If the frequency of light is $f$ and if $f \ge f_t$, where $f_t$ is the threshold frequency, electrons are emitted if light is shined on a metal surface. By my understanding, the light comes in and is absorbed by the atom. The atom then has too much energy and emits an electron. I don't remember much about nuclear decay, but when an atom has too much energy it can emit an alpha particle or a gamma ray or whatever else (something about decaying down to a stable line).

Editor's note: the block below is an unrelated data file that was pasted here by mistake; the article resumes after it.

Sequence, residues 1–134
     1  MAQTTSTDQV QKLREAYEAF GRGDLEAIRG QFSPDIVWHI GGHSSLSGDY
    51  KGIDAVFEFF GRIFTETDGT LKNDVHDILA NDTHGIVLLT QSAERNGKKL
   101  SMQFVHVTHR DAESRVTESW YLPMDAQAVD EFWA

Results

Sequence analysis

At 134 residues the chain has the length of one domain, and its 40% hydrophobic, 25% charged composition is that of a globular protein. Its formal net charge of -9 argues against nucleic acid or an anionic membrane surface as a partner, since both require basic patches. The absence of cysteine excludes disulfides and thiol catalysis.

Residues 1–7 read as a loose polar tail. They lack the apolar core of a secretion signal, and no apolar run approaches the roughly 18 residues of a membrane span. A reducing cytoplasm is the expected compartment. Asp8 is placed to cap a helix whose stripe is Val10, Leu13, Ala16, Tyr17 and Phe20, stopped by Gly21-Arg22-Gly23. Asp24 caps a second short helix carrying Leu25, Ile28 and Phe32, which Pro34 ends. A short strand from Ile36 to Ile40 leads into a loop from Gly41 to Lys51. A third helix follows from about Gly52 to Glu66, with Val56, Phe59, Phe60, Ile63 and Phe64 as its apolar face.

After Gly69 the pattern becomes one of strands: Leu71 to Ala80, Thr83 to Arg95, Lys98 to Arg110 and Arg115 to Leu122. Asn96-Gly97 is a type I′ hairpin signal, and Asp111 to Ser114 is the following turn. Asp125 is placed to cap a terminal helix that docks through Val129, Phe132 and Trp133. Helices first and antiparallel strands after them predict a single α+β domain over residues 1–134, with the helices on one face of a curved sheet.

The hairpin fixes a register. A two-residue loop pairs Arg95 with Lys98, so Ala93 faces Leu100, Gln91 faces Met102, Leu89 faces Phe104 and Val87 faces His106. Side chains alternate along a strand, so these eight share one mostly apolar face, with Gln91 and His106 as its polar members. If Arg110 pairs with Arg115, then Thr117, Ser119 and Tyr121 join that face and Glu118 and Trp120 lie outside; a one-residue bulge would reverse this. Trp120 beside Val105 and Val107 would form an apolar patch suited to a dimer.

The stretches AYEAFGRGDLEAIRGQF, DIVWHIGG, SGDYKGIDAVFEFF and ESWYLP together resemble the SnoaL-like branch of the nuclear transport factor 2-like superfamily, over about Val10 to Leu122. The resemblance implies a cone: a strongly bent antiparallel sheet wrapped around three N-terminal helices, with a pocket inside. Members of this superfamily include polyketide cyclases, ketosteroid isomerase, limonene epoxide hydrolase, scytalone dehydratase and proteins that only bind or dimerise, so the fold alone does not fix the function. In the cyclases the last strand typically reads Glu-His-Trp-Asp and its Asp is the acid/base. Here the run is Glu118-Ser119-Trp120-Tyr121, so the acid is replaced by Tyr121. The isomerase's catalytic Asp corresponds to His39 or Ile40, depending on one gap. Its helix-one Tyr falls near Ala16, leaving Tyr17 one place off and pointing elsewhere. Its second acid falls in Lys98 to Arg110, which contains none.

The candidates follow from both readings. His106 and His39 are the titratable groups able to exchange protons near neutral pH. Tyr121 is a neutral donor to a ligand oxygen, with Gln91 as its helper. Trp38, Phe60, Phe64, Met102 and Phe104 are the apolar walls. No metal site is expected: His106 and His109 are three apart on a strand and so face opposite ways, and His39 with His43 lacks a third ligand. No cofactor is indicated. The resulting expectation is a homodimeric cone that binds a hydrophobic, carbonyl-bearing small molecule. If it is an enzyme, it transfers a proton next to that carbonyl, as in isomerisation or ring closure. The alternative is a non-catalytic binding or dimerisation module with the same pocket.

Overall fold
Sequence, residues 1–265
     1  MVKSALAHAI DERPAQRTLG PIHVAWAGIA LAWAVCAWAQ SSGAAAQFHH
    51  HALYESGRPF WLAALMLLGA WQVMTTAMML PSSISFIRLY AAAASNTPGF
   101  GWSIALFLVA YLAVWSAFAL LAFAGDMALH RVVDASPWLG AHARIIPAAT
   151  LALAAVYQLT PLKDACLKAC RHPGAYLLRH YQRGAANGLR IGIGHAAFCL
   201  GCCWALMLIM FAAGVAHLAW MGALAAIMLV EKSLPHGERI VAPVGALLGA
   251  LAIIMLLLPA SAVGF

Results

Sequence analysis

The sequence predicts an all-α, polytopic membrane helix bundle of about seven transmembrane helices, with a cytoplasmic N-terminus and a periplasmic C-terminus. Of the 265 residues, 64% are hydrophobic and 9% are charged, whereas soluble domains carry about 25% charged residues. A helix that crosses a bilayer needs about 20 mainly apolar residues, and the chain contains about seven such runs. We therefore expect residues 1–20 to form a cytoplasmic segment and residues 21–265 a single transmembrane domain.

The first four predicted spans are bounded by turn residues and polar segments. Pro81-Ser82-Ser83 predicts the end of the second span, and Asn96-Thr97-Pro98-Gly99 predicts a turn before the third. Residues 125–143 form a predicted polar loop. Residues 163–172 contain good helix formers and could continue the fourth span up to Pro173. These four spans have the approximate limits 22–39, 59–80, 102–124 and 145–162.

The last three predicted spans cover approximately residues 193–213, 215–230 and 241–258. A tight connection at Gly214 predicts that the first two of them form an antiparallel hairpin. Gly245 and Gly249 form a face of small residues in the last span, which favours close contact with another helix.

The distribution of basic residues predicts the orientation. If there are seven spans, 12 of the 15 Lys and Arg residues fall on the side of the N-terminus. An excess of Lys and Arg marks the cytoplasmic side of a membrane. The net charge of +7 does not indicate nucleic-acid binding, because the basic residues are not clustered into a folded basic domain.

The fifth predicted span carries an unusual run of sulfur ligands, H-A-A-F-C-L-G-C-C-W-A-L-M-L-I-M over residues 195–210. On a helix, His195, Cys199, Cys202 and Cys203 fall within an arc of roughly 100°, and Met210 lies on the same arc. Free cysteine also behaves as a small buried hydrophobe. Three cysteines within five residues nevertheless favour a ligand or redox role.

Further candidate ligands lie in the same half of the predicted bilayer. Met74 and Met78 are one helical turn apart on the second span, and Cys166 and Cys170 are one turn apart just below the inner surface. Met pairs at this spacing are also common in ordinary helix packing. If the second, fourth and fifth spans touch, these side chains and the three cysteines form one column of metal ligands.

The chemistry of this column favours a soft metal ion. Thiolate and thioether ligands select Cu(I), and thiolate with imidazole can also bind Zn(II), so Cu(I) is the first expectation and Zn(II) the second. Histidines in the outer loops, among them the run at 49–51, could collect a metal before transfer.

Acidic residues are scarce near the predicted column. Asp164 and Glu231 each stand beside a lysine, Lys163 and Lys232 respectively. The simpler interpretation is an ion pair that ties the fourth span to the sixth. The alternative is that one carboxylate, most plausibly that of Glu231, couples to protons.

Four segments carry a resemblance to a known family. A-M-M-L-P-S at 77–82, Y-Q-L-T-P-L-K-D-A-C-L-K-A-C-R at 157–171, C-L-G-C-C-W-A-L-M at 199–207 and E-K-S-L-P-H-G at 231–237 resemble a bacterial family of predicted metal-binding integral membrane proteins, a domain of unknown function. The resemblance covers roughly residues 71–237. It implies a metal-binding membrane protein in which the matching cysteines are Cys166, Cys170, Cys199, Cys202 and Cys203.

Anyways, so if an atom has too much energy and ejects an electron, is that considered a nuclear decay? Also, does the photoelectric effect then ionize materials? Could I take a metal sheet, shine light on it, and get a metal sheet that is now positive? Could I do this at home?